I read Chris Corr’s guest column in the early hours of October 15th. The day before, the University of Georgia and the University of Florida won their respective SEC football games. Both teams then said their goodbyes a week before their annual meeting in Jacksonville.
As a Jacksonville native and University of Georgia graduate, this event (and the weeks leading up to it) is my favorite time of the year. When I Dr. Reading Corr’s column, I wondered why the importance of history, tradition, fanfare and sentimentality in college football is pushed aside for financial reasons.
Born and raised in Jacksonville, I attended college in Athens, Georgia. That wasn’t a coincidence. You could say the University of Georgia was born in my blood. My maternal grandfather is a UGA graduate. My mother and her siblings are UGA graduates. My father was a UGA graduate. I have several first cousins who are UGA graduates. My sister also graduated from UGA and married a “double dawg” as my brother-in-law has a bachelor’s and law degree from UGA.
My parents moved to Jacksonville in 1974 after graduating from UGA. As children, my sister and I often spent Friday nights and early Saturday mornings in the back of a station wagon being driven to Athens for home games. But once a year the celebrations came to us. My family has hosted a tailgate for the game every year since at least 1974, before I was born.
After college, I returned to Florida to pursue graduate and law school in Jacksonville. I have been practicing law in Jacksonville for over 13 years. Having grown up here, going to school in Georgia, and building a professional life in Jacksonville, I have a large personal and professional circle that includes fans and alumni of both schools.
The Georgia-Florida game is the one time a year that we bring everyone together to reminisce, share a drink, have some barbecue, and celebrate the relationships and friendships that have been formed because of (and despite) our love for our… Alma matters arose. This year marks the 48th time we have hosted the tailgate; We only missed a few years for the birth of my nephew and my wedding. The importance of this meeting has nothing to do with money, status or the better team.
It’s a happy gathering of Dawgs and Gators (and occasionally “Noles”) where old friends and family meet and new friends are made. As I watched this happen year after year as a child and now as an adult, I learned the importance of putting differences aside, bringing people together, and celebrating the simple things in life.
Most importantly, this showed me the importance of cultivating relationships, even with people we only see once a year in a parking lot. These are valuable lessons and invaluable memories.
My father was president of the Georgia Bulldog Club of Jacksonville at a time when we almost always lost to Florida. When Georgia defeated Florida in 1989, the year he was president, he received a framed copy of the front page of the Florida Times-Union to commemorate the victory. I have this newspaper hanging in my house now. I still see some of his old friends occasionally and there is always a story from that time that I can tell.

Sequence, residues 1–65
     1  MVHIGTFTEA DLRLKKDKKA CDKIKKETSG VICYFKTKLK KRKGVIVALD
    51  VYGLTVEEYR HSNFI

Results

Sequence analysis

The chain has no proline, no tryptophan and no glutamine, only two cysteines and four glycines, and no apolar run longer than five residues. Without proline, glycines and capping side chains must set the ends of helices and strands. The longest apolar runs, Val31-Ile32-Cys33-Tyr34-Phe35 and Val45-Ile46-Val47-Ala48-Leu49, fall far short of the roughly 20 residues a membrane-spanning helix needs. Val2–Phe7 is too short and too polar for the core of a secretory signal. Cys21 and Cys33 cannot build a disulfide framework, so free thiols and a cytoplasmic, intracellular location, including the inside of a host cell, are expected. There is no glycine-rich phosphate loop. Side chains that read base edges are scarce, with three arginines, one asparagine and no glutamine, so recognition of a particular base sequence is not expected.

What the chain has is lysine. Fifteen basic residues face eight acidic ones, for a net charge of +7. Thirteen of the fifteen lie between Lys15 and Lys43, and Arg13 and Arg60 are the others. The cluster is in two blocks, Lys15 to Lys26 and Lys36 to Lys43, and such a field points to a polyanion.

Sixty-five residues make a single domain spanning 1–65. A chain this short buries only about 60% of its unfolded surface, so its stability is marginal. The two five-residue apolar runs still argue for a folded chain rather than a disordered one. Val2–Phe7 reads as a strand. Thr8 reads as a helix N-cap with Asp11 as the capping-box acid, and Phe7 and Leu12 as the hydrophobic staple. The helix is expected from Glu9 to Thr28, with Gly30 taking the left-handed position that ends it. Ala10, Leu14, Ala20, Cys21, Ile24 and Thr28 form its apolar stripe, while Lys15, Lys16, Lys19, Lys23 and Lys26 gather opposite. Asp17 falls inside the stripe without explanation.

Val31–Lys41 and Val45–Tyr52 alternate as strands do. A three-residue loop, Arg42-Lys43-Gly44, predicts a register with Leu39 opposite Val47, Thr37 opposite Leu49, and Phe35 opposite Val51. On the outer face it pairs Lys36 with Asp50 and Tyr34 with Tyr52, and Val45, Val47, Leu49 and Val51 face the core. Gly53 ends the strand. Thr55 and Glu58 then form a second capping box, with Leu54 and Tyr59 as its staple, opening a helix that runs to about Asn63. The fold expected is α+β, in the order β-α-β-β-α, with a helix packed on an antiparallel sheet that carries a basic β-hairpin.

The memories of this game are embedded in the minds and hearts of all of us.
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My father died in 2010 after a short battle with cancer. He still traveled to Athens for home games during his illness, and we made sure he had one last chance to experience a Georgia-Florida setback. I can’t remember if we won that year. His funeral was attended by a large group from the Georgia Bulldog Club of Jacksonville, all wearing red and black.
Even some of my dad’s closest Gators friends made an exception that day and wore red and black. Vince Dooley called my mother to offer his condolences. Obviously, the University of Georgia is important to my family and me.
My family is not the only one with stories like this. When fans from Georgia hear the principal trumpeter play the “Battle Hymn of the Republic” and when fans from Florida sing “We Are the Boys from Old Florida,” they are reminded of some of the most important memories and people in their lives. As we gather in the parking lots around EverBank Stadium, where younger generations are now represented, we can spend time with people from all stages of our lives.
In doing so, we are helping to continue a Jacksonville tradition that has existed for 90 years.
Dr. Corr’s description of this meeting as a “grotesque” environment and his suggestion that it be relocated in the name of financial benefit to both schools misses the point. You cannot put a price on history or value the loss of tradition.
The City of Jacksonville, the University of Georgia and the University of Florida have all played an important role in the lives of countless Jacksonville residents, including myself. Marriages, friendships and professional relationships have been formed through the connections made during the Georgia-Florida game festivities.
This annual gathering is more than just a football game, and its importance to Jacksonville goes beyond the game’s financial impact on the city. When decisions are made in the coming years to keep this game in Jacksonville, I hope the people involved think beyond just dollars and cents.
We would like Dr. Corr and his family at our tailgate to show that it’s far from grotesque that the kids are having just as much fun as the adults, and to help you understand why the Georgia-Florida game is staying in Jacksonville should .
Stephanie Sussman, Jacksonville
This guest column represents the opinion of the author and does not necessarily reflect the views of the Times-Union. We welcome a diversity of opinions.